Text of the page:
One of the worst things about losing people you love is they are they are no longer there. The painful awareness of their absence will never stop digging at your heart, sometimes with little blunt jabs that only bruise, other times with deep slices that start the bleeding all over again.
My son’s third birthday party was the first kid’s party I planned after losing my brother. My son’s birthday is in March and we lost my brother in October. So..*counts on fingers*.. I guess, it was roughly 5 months after losing John that I was party planning.
I was doing the menu, thinking about food, drinks.. blah blah blah. And I was talking to myself as I often do when I am planning and writing stuff down, and I said something like,”Most people will want soda or water but I’ll have to make sure to have a pot of coffee going too, cause that’s what John will want. He always wants hot coffee when he…oh.”
Now I knew John was dead. I had spoken at his funeral, cried at his wake, cried quite a bit more after that alone and with others who were mourning him, and visited his grave on numerous occasions, sometimes writing in the little memory book that my mother kept there, sometimes not. Point being, I knew, he was dead. But his absence, the permanence of his being gone, still managed to be a painful surprise.
This happened to me again recently. I was watching a Mental Floss video on Youtube at the mention of “grawlix”, I was delighted.
I wanted to call John and share this delight because I knew that he, as a mutual lover of comics and words would be delighted as well. But of course, John has been dead for nearly seven years now, and I can’t call him about this, or anything else, ever again.
Being sad today because of a bunch of things which I will probably be writing/posting about shortly, and missing my baby bro, I have now seized upon grawlix as a kind of memorial, a talisman that acknowledges the pain of John’s absence but also perhaps reminds me that he is around me. I feel him. On days when I am especially sad, and missing him hard, our favorite songs will play back to back to back on whatever device happens to be making music nearby. I’m not saying this in some kind of stupid 6th Sense paranormal activity tip, just saying that I know, that whenever, however, I end this painful, wonderful, maddening, journey we know as life on earth, John is waiting for me in the next. John, if you’re watching, if your reading or following me in some plane, here are some more words for fun. Love you, baby bro.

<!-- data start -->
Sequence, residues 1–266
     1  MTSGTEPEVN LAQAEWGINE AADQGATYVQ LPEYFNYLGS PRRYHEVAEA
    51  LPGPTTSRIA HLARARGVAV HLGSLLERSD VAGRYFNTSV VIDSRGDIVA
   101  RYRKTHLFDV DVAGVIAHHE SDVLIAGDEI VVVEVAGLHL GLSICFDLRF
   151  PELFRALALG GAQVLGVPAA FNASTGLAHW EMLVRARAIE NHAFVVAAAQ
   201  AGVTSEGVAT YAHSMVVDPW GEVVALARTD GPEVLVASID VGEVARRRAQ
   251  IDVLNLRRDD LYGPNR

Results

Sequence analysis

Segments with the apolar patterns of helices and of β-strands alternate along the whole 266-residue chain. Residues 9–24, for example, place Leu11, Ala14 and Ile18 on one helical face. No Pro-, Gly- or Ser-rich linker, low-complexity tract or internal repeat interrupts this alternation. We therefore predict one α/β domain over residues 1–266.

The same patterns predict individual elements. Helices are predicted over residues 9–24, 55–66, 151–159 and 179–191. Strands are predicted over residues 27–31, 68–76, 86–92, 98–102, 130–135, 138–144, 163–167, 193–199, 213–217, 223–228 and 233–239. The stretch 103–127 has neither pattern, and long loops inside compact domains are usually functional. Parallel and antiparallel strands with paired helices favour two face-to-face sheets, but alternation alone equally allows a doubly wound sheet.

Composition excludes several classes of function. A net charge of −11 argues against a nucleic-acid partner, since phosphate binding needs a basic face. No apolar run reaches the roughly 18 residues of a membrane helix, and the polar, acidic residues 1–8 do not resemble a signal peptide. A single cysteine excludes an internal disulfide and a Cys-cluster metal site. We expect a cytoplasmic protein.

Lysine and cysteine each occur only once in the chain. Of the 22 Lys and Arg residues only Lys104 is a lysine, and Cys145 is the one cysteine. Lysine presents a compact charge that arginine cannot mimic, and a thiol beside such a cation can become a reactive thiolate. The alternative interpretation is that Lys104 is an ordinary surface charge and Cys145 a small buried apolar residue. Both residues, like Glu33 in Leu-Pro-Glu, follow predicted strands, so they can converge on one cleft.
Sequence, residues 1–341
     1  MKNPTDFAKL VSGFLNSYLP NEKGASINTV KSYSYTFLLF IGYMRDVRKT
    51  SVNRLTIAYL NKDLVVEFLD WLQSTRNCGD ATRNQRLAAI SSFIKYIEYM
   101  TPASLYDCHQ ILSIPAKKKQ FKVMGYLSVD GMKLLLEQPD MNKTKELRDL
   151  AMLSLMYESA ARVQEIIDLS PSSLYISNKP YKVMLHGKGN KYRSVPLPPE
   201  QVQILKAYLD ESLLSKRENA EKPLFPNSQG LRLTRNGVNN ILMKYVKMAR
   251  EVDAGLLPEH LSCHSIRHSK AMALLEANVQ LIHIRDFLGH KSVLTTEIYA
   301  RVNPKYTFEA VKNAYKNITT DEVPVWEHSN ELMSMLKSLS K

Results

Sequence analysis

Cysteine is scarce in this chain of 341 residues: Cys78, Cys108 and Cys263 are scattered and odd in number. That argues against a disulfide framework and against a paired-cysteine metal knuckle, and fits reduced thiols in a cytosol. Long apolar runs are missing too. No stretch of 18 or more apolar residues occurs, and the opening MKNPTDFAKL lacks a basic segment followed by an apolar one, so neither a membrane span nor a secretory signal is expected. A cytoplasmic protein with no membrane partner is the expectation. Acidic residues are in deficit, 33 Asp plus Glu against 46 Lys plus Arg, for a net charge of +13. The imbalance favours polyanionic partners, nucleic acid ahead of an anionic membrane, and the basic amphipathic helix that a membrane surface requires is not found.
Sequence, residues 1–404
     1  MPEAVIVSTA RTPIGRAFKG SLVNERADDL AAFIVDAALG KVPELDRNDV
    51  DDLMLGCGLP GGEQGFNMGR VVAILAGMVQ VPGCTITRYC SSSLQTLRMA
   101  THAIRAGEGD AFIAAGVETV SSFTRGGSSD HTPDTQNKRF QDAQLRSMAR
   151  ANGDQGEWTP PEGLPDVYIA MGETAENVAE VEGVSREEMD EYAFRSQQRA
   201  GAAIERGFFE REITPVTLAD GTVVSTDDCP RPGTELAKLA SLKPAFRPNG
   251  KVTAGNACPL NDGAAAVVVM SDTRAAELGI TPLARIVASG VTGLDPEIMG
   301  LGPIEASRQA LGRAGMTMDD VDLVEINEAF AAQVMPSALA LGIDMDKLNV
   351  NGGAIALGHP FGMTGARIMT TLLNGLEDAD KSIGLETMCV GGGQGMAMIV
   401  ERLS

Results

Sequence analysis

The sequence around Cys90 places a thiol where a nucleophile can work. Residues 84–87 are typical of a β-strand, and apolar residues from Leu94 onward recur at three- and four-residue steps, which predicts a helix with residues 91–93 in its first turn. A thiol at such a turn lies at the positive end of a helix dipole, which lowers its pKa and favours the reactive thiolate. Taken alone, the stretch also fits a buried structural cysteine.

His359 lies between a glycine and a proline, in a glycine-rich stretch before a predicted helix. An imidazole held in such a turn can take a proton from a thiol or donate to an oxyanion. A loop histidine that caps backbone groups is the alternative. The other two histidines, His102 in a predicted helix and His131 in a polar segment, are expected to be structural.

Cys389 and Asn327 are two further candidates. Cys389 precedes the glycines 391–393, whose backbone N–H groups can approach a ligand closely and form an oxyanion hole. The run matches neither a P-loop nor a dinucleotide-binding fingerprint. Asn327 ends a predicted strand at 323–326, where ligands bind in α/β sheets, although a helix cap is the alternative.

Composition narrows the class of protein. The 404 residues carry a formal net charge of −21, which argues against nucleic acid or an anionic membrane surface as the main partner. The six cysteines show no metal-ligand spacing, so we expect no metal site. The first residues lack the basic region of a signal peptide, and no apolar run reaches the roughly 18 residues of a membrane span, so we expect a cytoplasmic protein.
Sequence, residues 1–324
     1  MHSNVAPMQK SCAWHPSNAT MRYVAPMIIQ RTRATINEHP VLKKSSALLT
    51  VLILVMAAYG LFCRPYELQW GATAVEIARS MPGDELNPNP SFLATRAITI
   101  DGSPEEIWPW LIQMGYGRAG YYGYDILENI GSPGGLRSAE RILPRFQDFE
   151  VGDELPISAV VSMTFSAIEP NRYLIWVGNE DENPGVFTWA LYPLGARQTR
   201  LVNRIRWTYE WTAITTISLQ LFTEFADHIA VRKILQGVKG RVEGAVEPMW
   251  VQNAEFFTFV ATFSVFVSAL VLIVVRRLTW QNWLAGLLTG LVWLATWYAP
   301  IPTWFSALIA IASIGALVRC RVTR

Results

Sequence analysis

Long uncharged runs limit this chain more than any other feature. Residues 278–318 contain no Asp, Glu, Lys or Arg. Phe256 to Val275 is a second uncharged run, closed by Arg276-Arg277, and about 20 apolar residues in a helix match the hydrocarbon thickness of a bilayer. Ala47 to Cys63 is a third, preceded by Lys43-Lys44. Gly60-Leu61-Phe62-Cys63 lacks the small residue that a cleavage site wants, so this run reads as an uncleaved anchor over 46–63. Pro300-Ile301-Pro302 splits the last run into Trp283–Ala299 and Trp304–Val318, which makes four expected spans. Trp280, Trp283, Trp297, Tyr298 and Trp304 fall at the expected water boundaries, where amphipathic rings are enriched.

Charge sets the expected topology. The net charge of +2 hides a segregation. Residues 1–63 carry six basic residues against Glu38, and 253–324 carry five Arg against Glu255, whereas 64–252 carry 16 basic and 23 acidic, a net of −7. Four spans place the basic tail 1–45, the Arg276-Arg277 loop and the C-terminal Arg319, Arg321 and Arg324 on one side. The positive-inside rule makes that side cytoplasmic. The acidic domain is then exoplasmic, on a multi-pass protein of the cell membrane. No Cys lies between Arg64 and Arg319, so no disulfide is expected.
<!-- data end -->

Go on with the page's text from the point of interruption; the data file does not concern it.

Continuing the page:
A grawlix is a sequence of typographical symbols used to represent a non-specific, profane word or phrase. Here’s an example of a typical grawlix:
The term first appeared in a 1964 article called Let’s get down to grawlixes by American cartoonist Mort Walker, who is best known as the creator of the Beetle Bailey and Hi and Lois cartoons. Later, in a book called The Lexicon of Comicana, Walker created and named an international set of symbols used in comics around the world. Walker called his system Symbolia.
Here are some examples of other terms in the list:
- agitrons: wiggly lines indicating that something is shaking
- briffits: clouds of dust indicating that a character left in a rush
- emanata: straight lines rising from around a character’s head indicating surprise
- plewds: drops of sweat indicating that a character is hot or stressed
- squeans: asterisks with an empty center indicating drunkenness or dizziness
- waftaroms: wavy lines rising from something indicating a strong smell or heat.
How fun are those! I know he would be delighted to have words for things that are building blocks for the world of comic art that he so dearly loved. I’ve said it again and again. I miss you, brother. I miss you. You should be here, to laugh about this, to enjoy mundane minutiae with me. To do all sorts of other things so much more important too. I love you.